Virtual Terminations in the Age of Social Media

By:  Abigail Leinsdorf Garber 

A recent trend of “get ready with me” videos on social media platforms like TikTok has ventured into the employment arena. Some members of the workforce (often of a younger generation) now regularly use social media to share moments in their lives others would prefer to keep private, including rituals as mundane as getting ready to go on a date. The rapid increase in popularity of such videos, resulting in over 150 billion views on TikTok by November 2023, prompted users to experiment with videos focused on more private and emotionally challenging topics. “Get ready to get fired with me” videos are now commonplace and often include a recording of meetings in which employees learn of their terminations. The videos capture the raw emotions of the employee being filmed as well as the employers’ communication, including any missteps made by the employers’ representatives delivering the news.

Can employers forbid employees from filming such interactions? Although eleven states require all parties to a conversation to give their consent for a conversation to be legally recorded, the vast majority have one-party consent laws on the books. And in the age of remote work where employers and employees may be based in different states with different laws, determining which jurisdiction’s recording laws apply is a complex task that evolves as each party to a conversation moves to a new location. Even if employers could easily determine which recording laws govern their termination meetings, they must also keep the National Labor Relations Act (“NLRA”) in mind. An employee surreptitiously recording a termination may be engaging in protected concerted activity, as the National Labor Relations Board recently ruled in a February 2023 decision involving Starbucks.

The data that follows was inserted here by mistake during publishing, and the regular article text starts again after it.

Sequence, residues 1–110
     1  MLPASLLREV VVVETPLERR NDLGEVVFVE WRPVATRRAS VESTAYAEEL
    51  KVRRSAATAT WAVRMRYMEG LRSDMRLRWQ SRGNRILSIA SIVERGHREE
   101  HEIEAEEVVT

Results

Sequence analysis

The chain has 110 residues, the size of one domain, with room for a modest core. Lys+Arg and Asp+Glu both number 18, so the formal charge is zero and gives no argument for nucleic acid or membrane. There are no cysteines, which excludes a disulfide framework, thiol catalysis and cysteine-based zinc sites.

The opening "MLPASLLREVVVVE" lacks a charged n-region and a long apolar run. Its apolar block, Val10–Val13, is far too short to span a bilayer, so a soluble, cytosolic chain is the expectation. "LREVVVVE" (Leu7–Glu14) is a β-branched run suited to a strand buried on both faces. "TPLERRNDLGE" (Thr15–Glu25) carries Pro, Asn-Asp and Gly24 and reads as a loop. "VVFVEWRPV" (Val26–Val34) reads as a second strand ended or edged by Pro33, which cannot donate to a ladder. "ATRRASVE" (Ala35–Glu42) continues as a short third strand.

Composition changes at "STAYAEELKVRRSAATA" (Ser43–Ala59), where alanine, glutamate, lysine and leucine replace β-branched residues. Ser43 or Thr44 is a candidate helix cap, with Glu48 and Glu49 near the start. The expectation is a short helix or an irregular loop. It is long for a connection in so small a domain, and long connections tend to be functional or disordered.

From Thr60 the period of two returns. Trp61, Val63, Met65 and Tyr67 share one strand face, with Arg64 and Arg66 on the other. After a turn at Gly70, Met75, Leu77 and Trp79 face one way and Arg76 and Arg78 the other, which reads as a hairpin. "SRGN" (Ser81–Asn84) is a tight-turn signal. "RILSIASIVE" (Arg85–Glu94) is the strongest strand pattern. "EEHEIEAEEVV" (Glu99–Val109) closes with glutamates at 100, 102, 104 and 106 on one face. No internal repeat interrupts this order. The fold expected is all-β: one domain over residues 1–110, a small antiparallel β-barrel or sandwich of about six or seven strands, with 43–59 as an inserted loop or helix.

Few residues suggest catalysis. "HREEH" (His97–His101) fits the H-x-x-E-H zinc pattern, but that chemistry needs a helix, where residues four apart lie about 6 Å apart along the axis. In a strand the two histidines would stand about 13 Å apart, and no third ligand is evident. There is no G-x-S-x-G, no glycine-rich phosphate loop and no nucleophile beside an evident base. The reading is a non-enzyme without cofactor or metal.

In light of the reality that employers may not be able to practically or legally prevent sensitive termination meetings from being recorded and broadcasted, the following tips may help mitigate the related risks:

  • A genuine expression of empathy for the human being on the other side of the screen is appropriate.
  • Offering transparency surrounding the reason for the termination communicates respect for the employee being let go.
  • Act as if the world is watching, including your clients, business partners, or donors.